Writings / Reviews: Candace Fertile

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Poetry Reviews

Invisible Dogs
by Barry Dempster,
London, ON: Brick Books, 2013
96 pp, $20

 

Barry Dempster’s fourteenth collection of poetry, Invisible Dogs, is a sensual look at love and aging in clear language that addresses the complexities of the topics beautifully. Dempster has the ability to be gentle, thoughtful, and completely solid as so much of his perspective is grounded in the natural world whether it’s the human body or other animals or the landscape.

This collection comprises five sections: “There’s a Hole in the World,” “She Said/He Said,” “Rocky Variations,” “Going Under,” and “Walking Away.” Perhaps the most effective section is the final one, which is a series of nine linked poems. “Walking Away” has the depth of a long poem, and in a way it is one. The first poem raises the question of purpose: “Do I still need a destination?” Then it gives an answer: “I walk for no good reason” but the purpose is in life, in putting one foot in front of the other and moving on, or more specifically  in this case, moving away.

Anyone who has ever spent time in Banff will recognize the settings of “Rocky Variations,” in which Dempster pay homage to the beauty of the landscape and its animals without a molecule of sentimentality. In “Bear Story, for example, Dempster describes a number of encounters with bears. The bears win. The poem opens with a taste of what’s to come: “On Tunnel Mountain, a bear sideswipes a cyclist, / black claws a sudden red, drool / the stuff of victory not hunger.” And in every meeting between hikers and bears, the bears get to decide the outcome. That’s just the way it is. Respect for the wilderness and its animals infuses several of the poems in this section. In “Skunk Hour,” Dempster plays with the idea of the human need to control, and in this case, that control is evidenced by turning a skunk into a pet. But skunks are not pets, and it is foolish and egotistical to think that human beings are dominant. The poem ends with the skunk’s desire to be rid of the person. And then Dempster twists hubris: “Now tell a story where you don’t even exist.” This admonition to erase the self is beyond Dempster’s speaker’s usual self-deprecation.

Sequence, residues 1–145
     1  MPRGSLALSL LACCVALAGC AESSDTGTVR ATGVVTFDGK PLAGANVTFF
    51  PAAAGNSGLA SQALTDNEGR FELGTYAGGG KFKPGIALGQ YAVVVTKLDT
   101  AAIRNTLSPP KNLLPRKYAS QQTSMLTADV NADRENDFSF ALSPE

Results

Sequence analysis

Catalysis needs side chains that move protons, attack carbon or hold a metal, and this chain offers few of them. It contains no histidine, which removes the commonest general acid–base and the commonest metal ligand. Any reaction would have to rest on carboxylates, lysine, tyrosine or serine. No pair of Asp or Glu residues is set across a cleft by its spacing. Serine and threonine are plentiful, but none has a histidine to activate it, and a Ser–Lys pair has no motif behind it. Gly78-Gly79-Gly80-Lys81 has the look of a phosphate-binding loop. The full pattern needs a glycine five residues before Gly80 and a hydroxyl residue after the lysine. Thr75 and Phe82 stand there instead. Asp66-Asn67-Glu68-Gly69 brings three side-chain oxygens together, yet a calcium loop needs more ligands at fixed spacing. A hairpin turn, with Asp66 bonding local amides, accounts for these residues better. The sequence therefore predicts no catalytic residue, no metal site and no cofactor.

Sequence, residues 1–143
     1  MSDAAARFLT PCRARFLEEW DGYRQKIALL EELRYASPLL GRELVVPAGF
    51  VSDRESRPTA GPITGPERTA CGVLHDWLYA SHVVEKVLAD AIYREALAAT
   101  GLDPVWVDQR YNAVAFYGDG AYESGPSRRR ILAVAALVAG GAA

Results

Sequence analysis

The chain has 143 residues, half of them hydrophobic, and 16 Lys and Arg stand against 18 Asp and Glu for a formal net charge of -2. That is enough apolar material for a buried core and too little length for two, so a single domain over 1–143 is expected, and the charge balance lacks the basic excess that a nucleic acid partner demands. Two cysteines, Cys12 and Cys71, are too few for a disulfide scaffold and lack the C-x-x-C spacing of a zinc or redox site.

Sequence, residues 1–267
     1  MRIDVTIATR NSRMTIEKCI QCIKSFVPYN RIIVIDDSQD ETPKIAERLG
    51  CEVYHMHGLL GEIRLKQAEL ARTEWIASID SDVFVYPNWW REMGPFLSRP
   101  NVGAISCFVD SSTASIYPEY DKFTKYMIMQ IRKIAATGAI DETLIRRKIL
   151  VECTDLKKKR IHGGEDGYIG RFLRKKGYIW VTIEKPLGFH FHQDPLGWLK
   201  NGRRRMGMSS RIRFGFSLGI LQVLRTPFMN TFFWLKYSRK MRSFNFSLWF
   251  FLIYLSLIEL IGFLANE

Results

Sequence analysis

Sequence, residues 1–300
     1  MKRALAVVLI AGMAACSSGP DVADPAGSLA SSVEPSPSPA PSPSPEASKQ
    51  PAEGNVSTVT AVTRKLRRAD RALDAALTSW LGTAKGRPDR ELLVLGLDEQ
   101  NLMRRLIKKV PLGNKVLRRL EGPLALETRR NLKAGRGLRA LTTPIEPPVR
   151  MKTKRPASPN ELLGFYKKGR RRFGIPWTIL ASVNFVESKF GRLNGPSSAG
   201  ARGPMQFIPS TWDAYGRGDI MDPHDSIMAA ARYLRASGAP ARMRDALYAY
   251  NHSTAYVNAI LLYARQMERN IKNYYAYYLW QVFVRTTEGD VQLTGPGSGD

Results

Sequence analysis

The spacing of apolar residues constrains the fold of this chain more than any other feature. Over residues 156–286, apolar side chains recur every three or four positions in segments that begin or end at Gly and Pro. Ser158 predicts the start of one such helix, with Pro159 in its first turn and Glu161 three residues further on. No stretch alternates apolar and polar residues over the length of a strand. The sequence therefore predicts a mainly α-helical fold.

“She Said/He Said” is another sequence in which each poem works more effectively for being together.  In nineteen poems, the poet describes a relationship unravelling. And in the disintegration, the power of the union is ironically made evident. In “Daily,” the man attempts to go on with his ordinary life while the woman sends postcards from far away. As the speaker announces at the outset, “The day goes by whether it’s lived or not.” It’s an obvious truth, but it packs a punch.

Overall Dempster’s language is direct and engaging. The lyricism is heightened because of the lack of verbal clutter. Emotions rule the page, but they are irrevocably linked to the concrete world. Line length is precise and elegant. The occasional reference to popular culture sometimes jars, but that’s the intent, I suspect. I suppose I could natter on about finely-honed craft and all that (which most definitely exists), but the truly arresting aspect of these poems is their intensity of feeling and the poet’s respect for feeling.

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